Six in the fifth place means:
The sovereign I gave his daughter in marriage.
The embroidered garments of the princess
Were not as gorgeous
As those of the serving maid.
The moon that is nearly full
Brings good fortune.
The sovereign I is T'ang the Completer. This ruler decreed that the imperial princesses should be subordinated to their husbands in the same manner as other women (cf. Hexagram 11, six in the fifth place). The emperor does not wait for a suitor to woo his daughter but gives her in marriage when he sees fit. Therefore it is in accord with custom for the girl's family to take the initiative here.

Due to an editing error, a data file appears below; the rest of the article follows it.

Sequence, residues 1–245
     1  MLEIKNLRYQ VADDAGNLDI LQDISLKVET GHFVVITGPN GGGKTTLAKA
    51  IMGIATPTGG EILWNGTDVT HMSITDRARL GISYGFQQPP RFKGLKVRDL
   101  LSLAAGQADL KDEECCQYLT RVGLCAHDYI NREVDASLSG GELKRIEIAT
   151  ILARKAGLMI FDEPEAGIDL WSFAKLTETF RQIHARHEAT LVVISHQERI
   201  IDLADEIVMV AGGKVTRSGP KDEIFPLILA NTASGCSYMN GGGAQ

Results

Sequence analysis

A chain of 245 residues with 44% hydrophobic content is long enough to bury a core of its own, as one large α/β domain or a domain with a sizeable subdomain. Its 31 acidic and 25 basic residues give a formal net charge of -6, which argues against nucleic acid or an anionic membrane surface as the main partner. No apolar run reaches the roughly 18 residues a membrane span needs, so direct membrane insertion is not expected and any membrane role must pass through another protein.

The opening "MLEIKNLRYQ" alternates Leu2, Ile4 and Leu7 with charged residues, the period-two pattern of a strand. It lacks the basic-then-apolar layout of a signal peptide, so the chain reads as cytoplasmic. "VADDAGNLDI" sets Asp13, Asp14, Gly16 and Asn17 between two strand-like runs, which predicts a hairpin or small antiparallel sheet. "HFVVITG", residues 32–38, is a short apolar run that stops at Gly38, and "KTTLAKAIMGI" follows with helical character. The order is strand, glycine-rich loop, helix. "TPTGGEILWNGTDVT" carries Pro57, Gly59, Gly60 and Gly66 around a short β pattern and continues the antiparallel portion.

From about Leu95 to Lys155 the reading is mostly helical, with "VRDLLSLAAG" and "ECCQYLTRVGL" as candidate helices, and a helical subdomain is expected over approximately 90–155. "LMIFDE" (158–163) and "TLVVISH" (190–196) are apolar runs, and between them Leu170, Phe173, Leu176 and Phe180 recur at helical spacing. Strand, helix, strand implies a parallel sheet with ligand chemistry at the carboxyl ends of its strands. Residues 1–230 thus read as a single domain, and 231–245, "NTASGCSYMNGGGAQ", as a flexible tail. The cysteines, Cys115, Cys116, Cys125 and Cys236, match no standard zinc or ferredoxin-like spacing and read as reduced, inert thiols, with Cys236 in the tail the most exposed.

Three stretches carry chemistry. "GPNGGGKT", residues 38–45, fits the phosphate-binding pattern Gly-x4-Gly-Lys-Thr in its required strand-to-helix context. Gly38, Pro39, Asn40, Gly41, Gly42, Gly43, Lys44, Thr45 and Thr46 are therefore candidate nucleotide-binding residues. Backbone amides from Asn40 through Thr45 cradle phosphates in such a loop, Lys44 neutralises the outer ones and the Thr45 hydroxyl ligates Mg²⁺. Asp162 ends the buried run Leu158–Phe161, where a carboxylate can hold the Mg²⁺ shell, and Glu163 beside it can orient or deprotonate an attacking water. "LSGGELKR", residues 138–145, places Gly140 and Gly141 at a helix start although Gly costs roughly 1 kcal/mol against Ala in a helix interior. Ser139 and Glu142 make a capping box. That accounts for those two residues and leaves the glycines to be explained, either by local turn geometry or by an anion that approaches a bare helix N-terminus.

We see here a girl of aristocratic birth who marries a man of modest circumstances and understands how to adapt herself with grace to the new situation. She is free of all vanity of outer adornment, and forgetting her rank in her marriage, takes a place below that of her husband, just as the moon, before it is quite full, does not directly face the sun.
Translator of this version of the I Ching is Richard Wilhelm. If you missed any posts in this series, please utilize the I Ching label below.